Heritage and Digital curator at Timespan Arts in Helmsdale, Jacquie Aitken, continues on the theme of preservation; “Wood was not readily available to the township folk of far north of Scotland so they would have gone up to the Bogs and dug up Peat as fuel. They’d also come across old roots of trees preserved in the Bogs. It’s these hard bits of wood that they would utilise and make furniture out of, such as chairs. It’s a wonderful example of vernacular furniture that’s been derived from the Peatbogs.”
Other footage and comment was supplied by film partners from the University of Eastern Finland’s Mire Trend Project. With Finland’s landmass being one-third swamps, the Mire Trend Project looks at various influences of swamps and Bogs on Finnish society.
The topic of Climate Change is very much at the forefront of the global energy crisis with concerns on our reliance on fossil fuels versus the need for deliverable renewables. For the most part planet earth has paid little attention to human civilisation over the past 6000 years. Only since the industrial revolution has this relationship fractured; a mere 200 years and earth has seen its air, water, ice and rock begin to act directly due to human activities. As Robert says; “We all want the human journey to continue but our efforts thus far have failed. Adding Robert says; “Getting a message out there with a narrative that connects with people requires a different approach. It’s ultimately humanity that needs to change so I do find a lot of the messaging and terminology in the current arguments a barrier to any real progress. In short, we need a new story.”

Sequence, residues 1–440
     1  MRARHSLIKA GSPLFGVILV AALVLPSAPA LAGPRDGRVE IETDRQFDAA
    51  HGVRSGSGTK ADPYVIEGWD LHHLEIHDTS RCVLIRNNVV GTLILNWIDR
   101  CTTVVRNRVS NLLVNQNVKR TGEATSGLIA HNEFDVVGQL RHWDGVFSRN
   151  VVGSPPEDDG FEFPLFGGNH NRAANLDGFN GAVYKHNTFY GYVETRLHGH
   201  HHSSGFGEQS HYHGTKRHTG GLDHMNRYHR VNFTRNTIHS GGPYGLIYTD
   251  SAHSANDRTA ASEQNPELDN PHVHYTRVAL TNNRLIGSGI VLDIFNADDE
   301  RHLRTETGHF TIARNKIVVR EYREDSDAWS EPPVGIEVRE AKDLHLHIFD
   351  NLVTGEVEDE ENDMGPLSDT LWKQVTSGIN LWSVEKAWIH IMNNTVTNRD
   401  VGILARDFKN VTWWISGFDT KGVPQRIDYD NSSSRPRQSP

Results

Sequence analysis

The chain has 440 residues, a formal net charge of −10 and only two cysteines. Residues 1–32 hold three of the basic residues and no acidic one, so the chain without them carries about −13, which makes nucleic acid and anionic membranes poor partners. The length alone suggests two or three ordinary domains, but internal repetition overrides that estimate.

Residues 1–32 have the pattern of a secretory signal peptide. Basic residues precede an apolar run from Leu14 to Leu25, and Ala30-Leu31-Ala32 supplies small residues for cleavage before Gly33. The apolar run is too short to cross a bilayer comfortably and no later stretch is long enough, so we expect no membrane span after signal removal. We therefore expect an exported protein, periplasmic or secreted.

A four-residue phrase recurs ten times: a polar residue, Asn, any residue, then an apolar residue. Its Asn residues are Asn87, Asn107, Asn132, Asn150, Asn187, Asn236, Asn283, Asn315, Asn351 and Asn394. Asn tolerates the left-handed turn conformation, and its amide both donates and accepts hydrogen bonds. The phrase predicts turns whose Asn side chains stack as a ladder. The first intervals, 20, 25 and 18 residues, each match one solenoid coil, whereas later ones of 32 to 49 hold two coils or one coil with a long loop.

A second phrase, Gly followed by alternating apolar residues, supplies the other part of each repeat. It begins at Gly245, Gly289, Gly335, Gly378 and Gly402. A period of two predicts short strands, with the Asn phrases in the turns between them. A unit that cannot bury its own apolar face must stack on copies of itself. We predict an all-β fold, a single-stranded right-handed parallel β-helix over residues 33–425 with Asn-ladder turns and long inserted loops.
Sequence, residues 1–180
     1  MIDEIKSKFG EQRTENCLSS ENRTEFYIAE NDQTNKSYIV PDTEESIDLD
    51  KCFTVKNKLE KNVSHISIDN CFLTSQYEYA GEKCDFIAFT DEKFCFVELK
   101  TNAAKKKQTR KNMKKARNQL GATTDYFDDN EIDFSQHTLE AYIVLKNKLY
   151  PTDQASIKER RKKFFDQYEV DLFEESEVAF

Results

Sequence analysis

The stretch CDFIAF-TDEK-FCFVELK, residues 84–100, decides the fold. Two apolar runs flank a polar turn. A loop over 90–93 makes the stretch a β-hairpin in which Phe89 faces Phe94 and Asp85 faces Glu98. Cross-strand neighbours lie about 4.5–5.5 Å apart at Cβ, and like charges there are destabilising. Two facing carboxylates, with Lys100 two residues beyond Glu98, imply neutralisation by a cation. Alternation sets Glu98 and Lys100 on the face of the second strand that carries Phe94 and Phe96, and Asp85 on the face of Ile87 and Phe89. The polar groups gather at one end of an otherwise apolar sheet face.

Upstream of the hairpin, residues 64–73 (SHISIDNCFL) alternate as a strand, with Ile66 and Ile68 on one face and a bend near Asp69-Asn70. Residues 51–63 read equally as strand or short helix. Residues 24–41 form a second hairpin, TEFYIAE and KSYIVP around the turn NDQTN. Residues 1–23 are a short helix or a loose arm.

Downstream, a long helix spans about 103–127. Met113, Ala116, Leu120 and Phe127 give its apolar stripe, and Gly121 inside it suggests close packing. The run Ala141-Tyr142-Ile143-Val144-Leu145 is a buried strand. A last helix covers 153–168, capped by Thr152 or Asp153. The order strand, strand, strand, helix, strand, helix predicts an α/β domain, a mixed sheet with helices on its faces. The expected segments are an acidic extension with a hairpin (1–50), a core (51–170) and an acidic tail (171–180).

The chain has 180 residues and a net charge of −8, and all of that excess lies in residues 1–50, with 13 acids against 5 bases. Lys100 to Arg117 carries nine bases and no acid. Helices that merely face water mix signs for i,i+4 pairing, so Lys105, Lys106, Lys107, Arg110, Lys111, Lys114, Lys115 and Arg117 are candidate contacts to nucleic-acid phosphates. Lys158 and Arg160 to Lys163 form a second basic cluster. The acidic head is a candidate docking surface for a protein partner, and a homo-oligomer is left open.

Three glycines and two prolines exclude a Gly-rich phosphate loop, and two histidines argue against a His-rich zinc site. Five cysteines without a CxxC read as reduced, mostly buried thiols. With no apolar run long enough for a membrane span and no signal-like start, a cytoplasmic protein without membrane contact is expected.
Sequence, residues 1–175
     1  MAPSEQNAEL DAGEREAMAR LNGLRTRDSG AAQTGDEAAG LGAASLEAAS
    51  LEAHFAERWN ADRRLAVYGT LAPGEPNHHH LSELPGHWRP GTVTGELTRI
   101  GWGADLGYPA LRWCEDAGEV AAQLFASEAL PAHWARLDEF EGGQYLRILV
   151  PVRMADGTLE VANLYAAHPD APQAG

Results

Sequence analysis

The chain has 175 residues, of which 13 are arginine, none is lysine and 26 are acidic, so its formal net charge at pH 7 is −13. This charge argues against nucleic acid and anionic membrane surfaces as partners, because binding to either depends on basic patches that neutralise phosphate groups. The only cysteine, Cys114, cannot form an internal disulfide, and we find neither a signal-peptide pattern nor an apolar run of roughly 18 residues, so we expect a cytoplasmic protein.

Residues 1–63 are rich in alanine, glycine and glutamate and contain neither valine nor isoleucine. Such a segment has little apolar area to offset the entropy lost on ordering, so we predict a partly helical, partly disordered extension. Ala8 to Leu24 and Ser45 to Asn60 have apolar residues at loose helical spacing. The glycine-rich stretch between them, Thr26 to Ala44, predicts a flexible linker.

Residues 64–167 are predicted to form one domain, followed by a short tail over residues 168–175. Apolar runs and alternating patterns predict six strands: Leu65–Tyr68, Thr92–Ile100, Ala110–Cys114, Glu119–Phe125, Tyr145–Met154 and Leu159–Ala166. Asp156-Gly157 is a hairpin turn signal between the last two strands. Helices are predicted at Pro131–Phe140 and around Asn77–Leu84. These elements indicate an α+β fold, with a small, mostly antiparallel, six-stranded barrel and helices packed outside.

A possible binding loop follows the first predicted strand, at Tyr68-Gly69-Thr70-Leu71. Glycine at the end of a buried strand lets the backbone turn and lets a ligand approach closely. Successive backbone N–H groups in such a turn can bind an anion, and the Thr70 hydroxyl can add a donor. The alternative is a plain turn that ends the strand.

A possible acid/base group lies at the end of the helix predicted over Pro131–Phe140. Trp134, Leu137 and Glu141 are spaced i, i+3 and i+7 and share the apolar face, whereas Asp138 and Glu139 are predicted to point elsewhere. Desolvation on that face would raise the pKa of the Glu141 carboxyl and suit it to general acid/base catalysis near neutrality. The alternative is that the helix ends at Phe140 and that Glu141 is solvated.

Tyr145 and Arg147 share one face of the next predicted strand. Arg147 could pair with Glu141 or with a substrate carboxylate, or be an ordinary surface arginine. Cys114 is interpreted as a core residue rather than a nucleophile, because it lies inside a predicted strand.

Social scientist at UHI’s Environmental Research Institute in Thurso, Magnus Davidson, comments on his work on the Caithness Peatlands, known locally as the Flow Country; ”I try to understand the social history of the Flow Country, to better understand how we as a society might use the Flow Country in the future, but also understand the environmental degradation and as we look to restore the environment around it.”It’s this need for a new perspective on Climate Change that led Robert to make this film on the global Bogs. Given the importance to our past and current existence on earth the Bogs act like a planetary storage facility, physically and metaphysically. Due to the chemical make-up of the vegetation the Bogs hold a geological record of earth from millennia ago and act as a depository of our activities; a living and breathing vast record of our collective actions on earth.
The producers of The Dreaming Bog are keen for as many people as possible to see the film, listen to the panel discussion and get involved in the Q&A sessions. As Robert surmises; “The film is only half the story, we want host venues and the public to get involved and be participants. The film will also make a great addition to festivals, climate change and arts related activity venues may be planning with its themes around vulnerable landscapes, poetry, heritage & culture and its highly creative approach in storytelling.”
There are already a number of venues throughout the far North and Scotland signed up as part of a national screening tour of The Dreaming Bog. The film is now being offered to museums, arts venues, community organisations etc., of all sizes to host a screening event. To help host venues with costs the producers are wavering all film licensing fees and some other costs. They also offering help with advertising and promoting to ensure a successful screening event. In concluding Robert says; “I am so delighted we are kicking off our screening tour in Lairg, the region of my birth and of course not far from the precious Bogs. They are an incredible and hugely important landscape facing an uncertain future. It’s this story we have endeavoured to tell in The Dreaming Bog.”
If you wish to host a film screening event or receive more information of The Dreaming Bog please get in touch with Robert Aitken on: email@example.com